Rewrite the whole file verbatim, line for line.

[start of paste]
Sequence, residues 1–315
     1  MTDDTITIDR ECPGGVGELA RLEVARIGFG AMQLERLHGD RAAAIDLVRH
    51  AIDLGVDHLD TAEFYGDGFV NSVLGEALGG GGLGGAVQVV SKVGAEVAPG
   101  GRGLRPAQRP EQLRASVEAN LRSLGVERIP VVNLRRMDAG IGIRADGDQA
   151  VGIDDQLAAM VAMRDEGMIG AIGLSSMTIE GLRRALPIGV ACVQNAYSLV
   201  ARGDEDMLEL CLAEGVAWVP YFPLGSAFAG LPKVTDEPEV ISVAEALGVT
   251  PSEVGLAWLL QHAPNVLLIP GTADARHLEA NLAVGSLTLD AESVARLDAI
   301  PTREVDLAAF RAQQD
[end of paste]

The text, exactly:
Sequence, residues 1–315
     1  MTDDTITIDR ECPGGVGELA RLEVARIGFG AMQLERLHGD RAAAIDLVRH
    51  AIDLGVDHLD TAEFYGDGFV NSVLGEALGG GGLGGAVQVV SKVGAEVAPG
   101  GRGLRPAQRP EQLRASVEAN LRSLGVERIP VVNLRRMDAG IGIRADGDQA
   151  VGIDDQLAAM VAMRDEGMIG AIGLSSMTIE GLRRALPIGV ACVQNAYSLV
   201  ARGDEDMLEL CLAEGVAWVP YFPLGSAFAG LPKVTDEPEV ISVAEALGVT
   251  PSEVGLAWLL QHAPNVLLIP GTADARHLEA NLAVGSLTLD AESVARLDAI
   301  PTREVDLAAF RAQQD